Today one of the most iconic buildings of Romania’s capital city, the Telephone Palace is the only enduring result of a bold architectural dream to transform Calea Victoriei (Victory Way) in a Romanian version of the famous Broadway. The building, erected between 1931-33, was met with mixed feelings by the people of Bucharest who saw in its elegant straight lines and tall silhouette both an architectural wonder and a reason for scandal.
The Telephone Palace (Palatul Telefoanelor) is one of the first modernist buildings in interwar Bucharest and a fine example of Art Deco, the trendy design movement of the 30’s. It was a ground-breaking project in many respects: the first Romanian skyscraper and the first edifice in the country with a structure of steel (produced by Reșița Steel Works, the great industrial platform in South-Eastern Romania). Paradoxically, its completion was made possible by the Wall Street Crash of 1929. The Romanian government, hit by the recession, decided to ask the American Morgan Trust for a loan that came with a 20-year monopoly granted to the U.S. International Telephone and Telegraph Corporation (ITT). In effect, ITT founded the Romanian Telephone Society and supervised the construction of its new headquarters in Bucharest.
The building was designed by Romanian-Dutch architect Edmond Van Saanen Algi (also known as painter and stage designer) in cooperation with American architects Louis Weeks şi Walter Froy who explicitly drew their inspiration from New York’s skyscraper craze. The choice of Art Deco was not at all arbitrary. It stood for glamour, exuberance but also social and technological progress. This amazing feat of engineering also conveyed the unbound enthusiasm for scientific revolutions of which the telephone had been one of the most potent symbols. Inaugurated with pomp in 1934, in the presence of the modernizing King Carol II, The Telephone Palace remained for many years the tallest building in Bucharest (172 ft), a position that was lost to the Intercontinental Hotel (253 ft) only in 1956. Then as now, on particularly clear days, one could admire from its the ample terrace the distant peaks of the Southern Carpathians.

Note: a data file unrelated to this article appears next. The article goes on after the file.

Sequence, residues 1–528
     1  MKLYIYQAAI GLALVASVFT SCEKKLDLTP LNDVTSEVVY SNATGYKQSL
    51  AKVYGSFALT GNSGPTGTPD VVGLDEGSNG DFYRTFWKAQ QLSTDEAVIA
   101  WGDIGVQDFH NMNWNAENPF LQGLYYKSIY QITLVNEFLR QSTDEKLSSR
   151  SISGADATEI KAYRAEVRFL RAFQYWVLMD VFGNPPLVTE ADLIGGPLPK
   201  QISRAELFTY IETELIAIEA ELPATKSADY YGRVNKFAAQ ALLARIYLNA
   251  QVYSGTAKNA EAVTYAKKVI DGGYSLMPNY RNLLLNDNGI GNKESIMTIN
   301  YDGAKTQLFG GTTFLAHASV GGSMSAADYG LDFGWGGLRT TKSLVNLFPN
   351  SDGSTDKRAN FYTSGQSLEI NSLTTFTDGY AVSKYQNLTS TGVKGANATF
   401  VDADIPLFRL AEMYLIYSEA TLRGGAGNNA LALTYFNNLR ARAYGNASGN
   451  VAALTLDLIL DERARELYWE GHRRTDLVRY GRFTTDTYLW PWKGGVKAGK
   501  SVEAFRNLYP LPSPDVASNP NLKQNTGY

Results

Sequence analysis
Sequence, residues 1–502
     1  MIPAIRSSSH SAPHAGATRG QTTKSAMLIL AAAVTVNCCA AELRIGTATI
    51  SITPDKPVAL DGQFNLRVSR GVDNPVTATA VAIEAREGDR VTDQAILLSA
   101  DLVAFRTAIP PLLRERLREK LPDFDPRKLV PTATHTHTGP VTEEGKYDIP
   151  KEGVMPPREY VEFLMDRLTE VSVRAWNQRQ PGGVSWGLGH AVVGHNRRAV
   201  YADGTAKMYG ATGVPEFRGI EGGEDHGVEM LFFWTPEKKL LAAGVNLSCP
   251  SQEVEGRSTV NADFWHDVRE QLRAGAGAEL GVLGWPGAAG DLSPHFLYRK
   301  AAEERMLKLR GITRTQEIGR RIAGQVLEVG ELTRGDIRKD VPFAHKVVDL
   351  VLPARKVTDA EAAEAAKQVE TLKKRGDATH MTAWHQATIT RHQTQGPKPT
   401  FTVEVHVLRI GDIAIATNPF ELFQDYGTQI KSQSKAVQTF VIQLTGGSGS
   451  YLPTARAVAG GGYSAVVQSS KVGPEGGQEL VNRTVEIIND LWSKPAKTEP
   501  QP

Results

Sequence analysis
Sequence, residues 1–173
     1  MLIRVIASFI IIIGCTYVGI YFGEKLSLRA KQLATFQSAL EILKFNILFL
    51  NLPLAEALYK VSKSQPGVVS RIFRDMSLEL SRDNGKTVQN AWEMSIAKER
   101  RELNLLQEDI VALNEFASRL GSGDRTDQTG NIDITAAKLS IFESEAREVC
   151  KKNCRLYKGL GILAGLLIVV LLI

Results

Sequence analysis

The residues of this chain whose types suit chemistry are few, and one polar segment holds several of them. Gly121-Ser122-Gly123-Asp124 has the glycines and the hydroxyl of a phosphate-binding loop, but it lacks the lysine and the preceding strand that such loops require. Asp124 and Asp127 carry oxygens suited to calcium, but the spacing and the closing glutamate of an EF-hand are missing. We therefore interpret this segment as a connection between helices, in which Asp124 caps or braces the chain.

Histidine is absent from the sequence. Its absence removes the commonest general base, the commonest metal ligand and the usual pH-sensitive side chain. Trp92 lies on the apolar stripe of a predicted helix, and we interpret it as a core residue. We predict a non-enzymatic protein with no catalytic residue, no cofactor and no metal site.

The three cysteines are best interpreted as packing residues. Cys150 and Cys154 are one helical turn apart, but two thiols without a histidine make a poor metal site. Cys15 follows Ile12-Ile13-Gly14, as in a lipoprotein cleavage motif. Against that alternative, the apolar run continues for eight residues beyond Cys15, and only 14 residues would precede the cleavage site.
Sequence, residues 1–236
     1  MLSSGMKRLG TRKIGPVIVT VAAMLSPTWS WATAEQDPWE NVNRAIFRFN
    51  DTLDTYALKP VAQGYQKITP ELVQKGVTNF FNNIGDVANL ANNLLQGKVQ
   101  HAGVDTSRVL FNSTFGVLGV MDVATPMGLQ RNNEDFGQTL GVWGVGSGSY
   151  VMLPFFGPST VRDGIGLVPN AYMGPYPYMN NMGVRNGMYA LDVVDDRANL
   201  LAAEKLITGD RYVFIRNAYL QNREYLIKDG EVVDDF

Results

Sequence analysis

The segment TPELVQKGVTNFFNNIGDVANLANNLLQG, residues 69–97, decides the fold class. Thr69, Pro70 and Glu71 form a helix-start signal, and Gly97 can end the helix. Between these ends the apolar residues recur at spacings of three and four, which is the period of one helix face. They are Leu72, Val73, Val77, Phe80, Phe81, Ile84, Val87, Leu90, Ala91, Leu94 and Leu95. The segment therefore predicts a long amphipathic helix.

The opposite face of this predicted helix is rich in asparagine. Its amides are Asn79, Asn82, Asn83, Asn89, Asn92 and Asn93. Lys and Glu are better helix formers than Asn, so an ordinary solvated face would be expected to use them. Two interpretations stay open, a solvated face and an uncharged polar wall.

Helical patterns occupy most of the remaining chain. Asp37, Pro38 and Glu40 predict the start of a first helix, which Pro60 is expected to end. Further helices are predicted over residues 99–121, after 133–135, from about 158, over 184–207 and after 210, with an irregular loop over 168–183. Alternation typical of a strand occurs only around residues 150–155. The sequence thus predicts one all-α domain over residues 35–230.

Initially, this striking apparition in the heart of Bucharest, this “mountain of iron, sand, and cement” (Realitatea ilustrată, 1935) that projected its silhouette like a “shadow of Broadway on Calea Victoriei” (according to literary critic and novelist George Călinescu) was met with resentment because, in order to make space for it, they had to erase the Oteteleșanu Garden, a favorite meeting place of writers, artists and the intellectuals. Years later the mighty block was still described by some as “a depot with no style. A warehouse for telephone installations” (Gazeta municipală, 1938).
In time however, the Telephone Palace turned more and more into a reason for pride. In 1940 and 1946 its structure was extended both vertically and horizontally. The building survived the bombing of Bucharest by the Allied Forces in 1944 when it proved much luckier than the neighboring National Theater, and even the devastating earthquake of 1977. During the communist regime the Romanian Telephone Society was nationalized as a division of the Ministry of Posts and Telecommunications. After 1989 the building became the headquarters of the newly founded independent company Rom-Post-Telecom, reorganized in 1991 as Romtelecom. Restored and partially reconstructed between 1995 and 2005 through one of the biggest projects of architectural preservation conducted in contemporary Romania (which employed 700 people at a cost of about 1,2 million dollars), it continues to be one of the most representative buildings on Bucharest’s Victory Way.
Guest contributor: TEODORA BANCIU
Photo 1: Old Calea Victoriei with the Telephone Palace in the background
Photo 2: The Telephone Palace and the National Theater in the 1930's